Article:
Gluten-Free Cooking For Dummies
Cooking and preparing gluten-free dishes and meals doesn’t have to be burdensome. In fact, doing so can be a fun adventure. Your goal is to make and create dishes that are tasty and yummy, while also ensuring that you or your family members who can’t eat gluten can enjoy delicious food. The following are some important tips to help you as you cook gluten-free.
Grains to Avoid on a Gluten-Free Diet
Some people may not realize that embracing a gluten-free diet means you must give up more than just wheat-based foods. Here are the grains you need to avoid on a gluten-free diet:
Wheat and most things with the word wheat in its name. You also need to avoid hydrolyzed wheat protein, wheat starch, wheat germ, and so on, but you may not realize that you need to beware of aliases like flour, bulgur, semolina, spelt, frumento, durum (also spelled duram), kamut, graham, einkorn, farina, couscous, seitan, matzoh, matzah, matzo, and cake flour.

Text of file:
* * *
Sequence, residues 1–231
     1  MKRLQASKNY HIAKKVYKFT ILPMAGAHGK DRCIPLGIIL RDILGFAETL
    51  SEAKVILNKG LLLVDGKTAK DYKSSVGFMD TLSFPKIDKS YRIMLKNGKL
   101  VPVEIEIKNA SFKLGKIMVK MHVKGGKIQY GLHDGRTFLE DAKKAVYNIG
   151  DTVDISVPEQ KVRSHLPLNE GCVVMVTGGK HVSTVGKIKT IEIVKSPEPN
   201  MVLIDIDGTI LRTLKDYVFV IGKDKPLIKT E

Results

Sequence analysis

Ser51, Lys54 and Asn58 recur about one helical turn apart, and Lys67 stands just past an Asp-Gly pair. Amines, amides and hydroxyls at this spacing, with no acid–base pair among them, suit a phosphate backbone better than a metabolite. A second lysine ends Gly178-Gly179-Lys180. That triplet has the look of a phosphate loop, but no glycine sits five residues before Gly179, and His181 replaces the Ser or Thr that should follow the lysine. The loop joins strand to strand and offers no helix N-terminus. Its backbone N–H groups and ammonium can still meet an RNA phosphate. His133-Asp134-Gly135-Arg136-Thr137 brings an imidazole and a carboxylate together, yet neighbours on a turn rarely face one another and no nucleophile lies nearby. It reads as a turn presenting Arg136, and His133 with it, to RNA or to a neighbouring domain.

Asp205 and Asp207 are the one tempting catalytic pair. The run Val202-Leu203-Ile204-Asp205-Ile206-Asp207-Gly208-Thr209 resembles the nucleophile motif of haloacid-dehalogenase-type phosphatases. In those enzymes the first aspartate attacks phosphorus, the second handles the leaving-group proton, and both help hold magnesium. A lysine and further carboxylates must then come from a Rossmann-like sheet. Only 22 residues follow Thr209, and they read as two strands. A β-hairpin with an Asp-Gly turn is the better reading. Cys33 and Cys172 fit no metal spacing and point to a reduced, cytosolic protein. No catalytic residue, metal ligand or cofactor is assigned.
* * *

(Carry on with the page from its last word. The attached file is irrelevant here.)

By the way, wheat grass, like all grasses, is gluten-free, as is buckwheat.
Wheat starch is wheat that’s had the gluten washed out. In some countries, a special type of wheat starch called Codex Alimentarius wheat starch is allowed on the gluten-free diet — but standards vary from country to country. Codex Alimentarius wheat starch isn’t allowed in North America because some people question whether the washing process completely removes all residual gluten.
Barley and its derivatives. Most malt is derived from barley, so unless it states otherwise, you need to avoid malt and malt flavoring as well as barley in its pure form.
Triticale, which most people have never heard of, is a hybrid cross between wheat and rye. It was developed to combine the productivity of wheat with the ruggedness of rye.
Rye isn’t really hidden in many foods, so the pure form of rye — usually found in rye bread — is what you need to avoid.